Brazil's Temer to address nation in corruption scandal

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Demonstrators hold banners with led lights reading "Out Temer" in front of military police protest against Brazil's President Michel Temer in Sao Paulo, Brazil, May 18, 2017.

BRASILIA - Brazil's Michel Temer was to address the nation Saturday in his latest attempt to survive bombshell allegations of obstruction of justice.

A spokesman announced that the center-right president would speak later in what would be only his second public reaction since Wednesday's revelation of an audio recording in which Temer allegedly approved paying hush money to a jailed politician.

Temer has so far rejected mounting calls for his resignation and is scrambling to keep together his governing alliance to avoid the possibility of impeachment.

Although hugely unpopular with ordinary Brazilians, Temer has enjoyed a solid majority in Congress through his PMDB party, the PSDB social democrats and a string of smaller parties.

So far, major allies appear to be sitting on the fence. However, the small PSB party, which has one minister in the government, decided Saturday to pull out.

"At the top of our list is the immediate resignation of the president," Julio Delagado, a PSB deputy, told journalists.

In another ominous sign for Temer, the powerful Globo media group has turned fully against him with an editorial Friday declaring he "has lost the moral, ethical, political and administrative conditions to continue governing Brazil."

A further indicator of the temperature among Brazil's elite was expected later Saturday when the Association of Brazilian Lawyers holds a meeting to decide whether or not to support impeachment.

Calm is fundamental

There was some good news for Temer, however.

Sao Paulo Mayor Joao Doria, a rising star of the PSDB party who is seen by many as a strong candidate for president in 2018 elections, told Folha newspaper he opposes causing instability.

In comments interpreted as being strongly supportive of Temer staying in office, he said that "in a situation like this, good sense, balance, calm are fundamental."

Doria said Temer's push for austerity reforms aimed at whipping Brazil's floundering economy into shape are the priority. "The reforms have to survive," he said.

In his sole public pronouncement so far, Temer refused to resign, saying that the fate of the austerity reforms -- unpopular with many ordinary Brazilians -- was at stake.

His economy minister Henrique Meirelles, seen as a key figure in the government, has been quoted by Brazilian newspapers this week as saying that he has no plans of quitting.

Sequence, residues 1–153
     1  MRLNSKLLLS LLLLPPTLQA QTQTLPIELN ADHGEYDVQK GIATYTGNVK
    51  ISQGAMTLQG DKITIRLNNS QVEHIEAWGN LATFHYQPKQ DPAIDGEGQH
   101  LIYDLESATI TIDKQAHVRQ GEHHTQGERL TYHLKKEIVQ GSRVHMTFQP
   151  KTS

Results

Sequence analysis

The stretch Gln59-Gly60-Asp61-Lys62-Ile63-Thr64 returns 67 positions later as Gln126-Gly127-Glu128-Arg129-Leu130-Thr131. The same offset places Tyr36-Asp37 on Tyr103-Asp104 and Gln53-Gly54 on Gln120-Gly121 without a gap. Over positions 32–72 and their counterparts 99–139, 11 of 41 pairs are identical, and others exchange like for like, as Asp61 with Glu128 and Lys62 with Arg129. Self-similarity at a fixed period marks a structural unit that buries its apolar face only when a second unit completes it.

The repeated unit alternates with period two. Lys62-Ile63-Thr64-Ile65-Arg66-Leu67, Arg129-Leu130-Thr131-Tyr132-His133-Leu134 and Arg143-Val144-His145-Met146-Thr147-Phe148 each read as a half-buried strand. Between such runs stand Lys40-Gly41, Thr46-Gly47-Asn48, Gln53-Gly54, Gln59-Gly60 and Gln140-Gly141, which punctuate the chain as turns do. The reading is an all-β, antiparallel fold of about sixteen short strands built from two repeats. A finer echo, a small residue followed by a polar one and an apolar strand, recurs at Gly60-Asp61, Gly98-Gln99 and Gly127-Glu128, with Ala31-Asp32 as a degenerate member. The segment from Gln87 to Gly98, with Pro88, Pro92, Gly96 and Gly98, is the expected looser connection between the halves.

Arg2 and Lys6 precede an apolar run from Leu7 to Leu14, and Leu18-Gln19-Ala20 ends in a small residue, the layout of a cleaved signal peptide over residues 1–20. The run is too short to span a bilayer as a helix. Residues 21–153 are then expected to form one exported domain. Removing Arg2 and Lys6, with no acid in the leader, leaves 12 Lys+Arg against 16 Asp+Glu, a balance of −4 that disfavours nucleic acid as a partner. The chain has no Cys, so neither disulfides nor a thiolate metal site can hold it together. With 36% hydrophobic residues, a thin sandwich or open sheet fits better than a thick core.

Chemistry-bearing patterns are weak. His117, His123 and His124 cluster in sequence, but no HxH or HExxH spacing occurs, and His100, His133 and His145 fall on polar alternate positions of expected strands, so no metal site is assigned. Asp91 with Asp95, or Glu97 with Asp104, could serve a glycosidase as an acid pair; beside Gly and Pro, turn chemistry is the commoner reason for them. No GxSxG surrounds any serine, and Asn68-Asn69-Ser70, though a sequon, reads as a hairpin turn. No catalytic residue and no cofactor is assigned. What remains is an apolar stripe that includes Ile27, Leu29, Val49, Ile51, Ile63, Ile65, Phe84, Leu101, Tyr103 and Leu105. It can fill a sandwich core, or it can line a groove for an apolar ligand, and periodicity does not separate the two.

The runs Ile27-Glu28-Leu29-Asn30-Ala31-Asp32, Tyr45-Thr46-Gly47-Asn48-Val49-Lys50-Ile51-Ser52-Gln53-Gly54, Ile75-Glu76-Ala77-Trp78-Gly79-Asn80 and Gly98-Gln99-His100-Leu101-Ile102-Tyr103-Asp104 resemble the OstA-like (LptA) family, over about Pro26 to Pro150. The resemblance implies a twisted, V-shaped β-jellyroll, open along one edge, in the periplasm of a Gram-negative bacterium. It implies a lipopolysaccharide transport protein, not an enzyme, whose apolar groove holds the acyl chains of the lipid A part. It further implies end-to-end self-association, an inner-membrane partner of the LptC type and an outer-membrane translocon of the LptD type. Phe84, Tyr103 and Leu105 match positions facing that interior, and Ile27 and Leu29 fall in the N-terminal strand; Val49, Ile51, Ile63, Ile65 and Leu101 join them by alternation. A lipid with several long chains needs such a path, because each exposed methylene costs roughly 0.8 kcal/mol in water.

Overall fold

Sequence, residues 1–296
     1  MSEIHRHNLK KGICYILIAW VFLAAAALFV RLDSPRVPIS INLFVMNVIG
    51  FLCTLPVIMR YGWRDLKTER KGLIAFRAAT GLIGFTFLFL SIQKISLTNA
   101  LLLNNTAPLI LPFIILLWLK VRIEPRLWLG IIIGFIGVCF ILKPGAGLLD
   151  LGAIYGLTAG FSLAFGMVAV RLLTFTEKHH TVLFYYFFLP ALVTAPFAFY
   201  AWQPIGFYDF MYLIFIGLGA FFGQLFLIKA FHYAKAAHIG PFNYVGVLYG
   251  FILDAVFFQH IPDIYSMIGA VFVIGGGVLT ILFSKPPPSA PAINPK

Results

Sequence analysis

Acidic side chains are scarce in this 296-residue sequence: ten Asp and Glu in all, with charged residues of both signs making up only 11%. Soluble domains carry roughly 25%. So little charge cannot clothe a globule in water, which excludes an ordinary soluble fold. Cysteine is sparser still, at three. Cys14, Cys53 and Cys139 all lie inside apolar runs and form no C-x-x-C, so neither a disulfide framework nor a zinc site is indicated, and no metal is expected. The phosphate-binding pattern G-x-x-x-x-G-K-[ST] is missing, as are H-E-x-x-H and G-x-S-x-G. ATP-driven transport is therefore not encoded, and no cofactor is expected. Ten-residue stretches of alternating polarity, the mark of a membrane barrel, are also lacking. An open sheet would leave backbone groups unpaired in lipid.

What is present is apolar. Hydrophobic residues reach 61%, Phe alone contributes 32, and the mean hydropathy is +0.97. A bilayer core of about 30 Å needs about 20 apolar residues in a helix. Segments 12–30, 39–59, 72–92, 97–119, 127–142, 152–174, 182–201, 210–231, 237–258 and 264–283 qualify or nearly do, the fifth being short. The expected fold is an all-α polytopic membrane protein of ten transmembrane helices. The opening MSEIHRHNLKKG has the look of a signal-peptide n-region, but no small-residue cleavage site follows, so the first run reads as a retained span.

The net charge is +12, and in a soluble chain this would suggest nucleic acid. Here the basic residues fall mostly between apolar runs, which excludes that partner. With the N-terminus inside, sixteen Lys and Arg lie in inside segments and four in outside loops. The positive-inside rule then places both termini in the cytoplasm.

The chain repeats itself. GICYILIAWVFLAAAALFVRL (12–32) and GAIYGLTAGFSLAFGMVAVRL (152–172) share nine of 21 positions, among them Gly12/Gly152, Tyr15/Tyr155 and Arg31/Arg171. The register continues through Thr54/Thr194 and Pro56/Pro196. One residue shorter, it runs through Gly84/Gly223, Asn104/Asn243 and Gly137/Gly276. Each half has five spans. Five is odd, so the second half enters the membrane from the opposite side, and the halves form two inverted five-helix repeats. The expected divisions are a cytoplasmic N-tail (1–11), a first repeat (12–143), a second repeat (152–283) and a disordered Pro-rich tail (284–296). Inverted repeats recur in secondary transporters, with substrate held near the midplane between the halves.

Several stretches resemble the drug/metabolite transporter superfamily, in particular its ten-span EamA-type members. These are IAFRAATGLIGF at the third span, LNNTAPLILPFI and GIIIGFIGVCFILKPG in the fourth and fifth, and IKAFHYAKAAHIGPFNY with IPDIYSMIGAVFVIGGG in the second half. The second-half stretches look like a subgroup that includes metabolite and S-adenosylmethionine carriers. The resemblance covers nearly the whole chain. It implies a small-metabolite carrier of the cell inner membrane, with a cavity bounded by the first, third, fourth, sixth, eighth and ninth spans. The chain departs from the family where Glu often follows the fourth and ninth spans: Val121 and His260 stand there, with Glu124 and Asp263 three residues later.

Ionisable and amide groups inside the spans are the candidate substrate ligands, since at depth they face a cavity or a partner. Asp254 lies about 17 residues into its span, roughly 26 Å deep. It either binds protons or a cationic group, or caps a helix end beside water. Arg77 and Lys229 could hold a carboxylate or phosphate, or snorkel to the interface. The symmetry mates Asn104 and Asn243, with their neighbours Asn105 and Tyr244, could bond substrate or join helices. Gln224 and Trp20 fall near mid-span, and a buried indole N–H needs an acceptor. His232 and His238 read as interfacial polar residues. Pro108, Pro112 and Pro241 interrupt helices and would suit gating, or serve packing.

On Sunday, nationwide protests are planned by leftist groups and turnout will be closely watched as a gauge of the public mood.

Questions over secret recording

On Friday, the Supreme Court released court filings in which Prosecutor General Rodrigo Janot accused Temer of attempting to block a huge anti-corruption investigation known as "Car Wash." 

The "Car Wash" investigation has upended Brazil with scores of politicians indicted or subject to probes into alleged bribe-taking and embezzlement. 

The court had already released a secretly recorded conversation between Temer and a business executive in which the president is purportedly heard giving his blessing to monthly payments of hush money to former lower house speaker Eduardo Cunha.

Cunha is in prison after a "Car Wash" judge convicted him of bribe-taking and as a powerful insider, he has long been rumoured to be threatening to spill secrets on other politicians.

Temer says the recording has been wrongly interpreted, and on Saturday the newspaper Folha reported that an expert analysis of the tape that it had commissioned found "more than 50 edits" of the recording.

New elections call

Temer's crisis comes barely a year after he took over in controversial circumstances after the impeachment of leftist president Dilma Rousseff for illegally manipulating the government's accounts.

He was her vice president in an uneasy coalition between his PMDB and her Workers' Party, and took over automatically to serve out the rest of her term through 2018. Since then, Temer has radically changed the country's previously leftist path, bringing in market-friendly reforms. 

With the Supreme Court has authorised a probe against Temer and Congress under pressure to launch impeachment proceedings, there are various scenarios that could see him being forced from office.

Under the constitution, Temer would be replaced in an indirect election held by Congress until after the scheduled 2018 elections.

However, there is a widespread demand among Brazilians for advancing the 2018 polls and holding an immediate popular election. This would require Congress to approve a constitutional change.

The latest to demand snap elections was former leftist president Luiz Inacio Lula da Silva on Saturday. "We want Temer to leave but we don't want an indirectly elected president," he told supporters in Sao Paulo.

Lula currently leads in polls ahead of the 2018 election but he faces five separate corruption trials and if convicted would be barred from seeking office.